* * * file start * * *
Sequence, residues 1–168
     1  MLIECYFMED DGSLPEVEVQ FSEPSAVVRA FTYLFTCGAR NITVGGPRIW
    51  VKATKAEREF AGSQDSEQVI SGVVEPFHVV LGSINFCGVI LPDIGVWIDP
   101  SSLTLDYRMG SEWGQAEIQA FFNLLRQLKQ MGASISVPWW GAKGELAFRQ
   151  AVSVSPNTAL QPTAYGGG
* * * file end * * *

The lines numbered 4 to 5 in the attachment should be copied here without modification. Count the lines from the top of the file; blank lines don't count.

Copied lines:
   101  SSLTLDYRMG SEWGQAEIQA FFNLLRQLKQ MGASISVPWW GAKGELAFRQ
   151  AVSVSPNTAL QPTAYGGG